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dc.contributor.advisorScharp, Kevin
dc.contributor.advisorSnedegar, Justin
dc.contributor.authorKim, Jiwon
dc.coverage.spatial[7], 107 p.en_US
dc.date.accessioned2019-11-05T13:55:45Z
dc.date.available2019-11-05T13:55:45Z
dc.date.issued2019-12-04
dc.identifier.urihttp://hdl.handle.net/10023/18849
dc.description.abstractMoral indeterminacy appears to be incompatible with moral realism at first glance because moral realists believe that there are objective moral facts in the world, which seem determinate. Given the commitment to objective moral facts, moral realists would want to argue that there can be a considerable amount of convergence on moral matters. However, moral disagreement is too prevalent for realists to be optimistic that there will be convergence sometime in the future. Some moral disagreements seem to remain irresolvable or even faultless. Since it is reasonable to think that moral disagreements arise because there is indeterminacy, moral realists would want to explain indeterminacy without any inconsistency or incompatibility. I argue that moral realism is compatible with every kind of indeterminacy: metaphysical indeterminacy, semantic indeterminacy, and epistemic indeterminacy. What I contribute to indeterminacy and moral realism debate is that, in contrast with how some philosophers argue that all moral indeterminacy can be reduced to metaphysical indeterminacy or epistemicism, I argue that every kind of indeterminacy has its own place. I show that each kind of indeterminacy is helpful for moral realists to explain different types of moral disagreement: faultless moral disagreement can be explained through semantic indeterminacy; irresolvable moral disagreement can be explained through metaphysical indeterminacy; resolvable disagreement can be explained through epistemicism. The upshot of my research is that moral realists can still uphold their tenets on moral objectivity and truth while embracing indeterminacy, the cause of disagreement, at the same time. If the strength of a metaethical theory is measured by how much explanation it can provide, my dissertation shows that moral realism wins over anti-realism in this regard.en_US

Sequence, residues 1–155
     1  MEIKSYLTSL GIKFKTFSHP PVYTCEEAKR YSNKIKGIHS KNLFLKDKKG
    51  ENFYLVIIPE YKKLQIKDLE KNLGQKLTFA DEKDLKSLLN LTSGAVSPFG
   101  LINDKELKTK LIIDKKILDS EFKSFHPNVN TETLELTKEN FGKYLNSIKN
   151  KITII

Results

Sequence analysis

dc.language.isoenen_US
dc.publisherUniversity of St Andrews
dc.rightsCreative Commons Attribution-NonCommercial-NoDerivatives 4.0 International*
dc.rights.urihttp://creativecommons.org/licenses/by-nc-nd/4.0/*
dc.subjectMoral realismen_US
dc.subjectIndeterminacyen_US
dc.subjectVaguenessen_US
dc.subjectEpistemicismen_US
dc.subjectIndexicalen_US
dc.subjectCreeping minimalismen_US
dc.subject.lccBJ1500.M67K5
dc.subject.lcshMoral realismen
dc.subject.lcshVagueness (Philosophy)en
dc.subject.lcshEpistemicsen
dc.titleTaking moral indeterminacy seriously : in defence of compatibility between moral realism and indeterminacyen_US
dc.typeThesisen_US
dc.type.qualificationlevelDoctoralen_US
dc.type.qualificationnameMPhil Master of Philosophyen_US
dc.publisher.institutionThe University of St Andrewsen_US
dc.identifier.doihttps://doi.org/10.17630/10023-18849


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    Creative Commons Attribution-NonCommercial-NoDerivatives 4.0 International
    Except where otherwise noted within the work, this item's license for re-use is described as Creative Commons Attribution-NonCommercial-NoDerivatives 4.0 International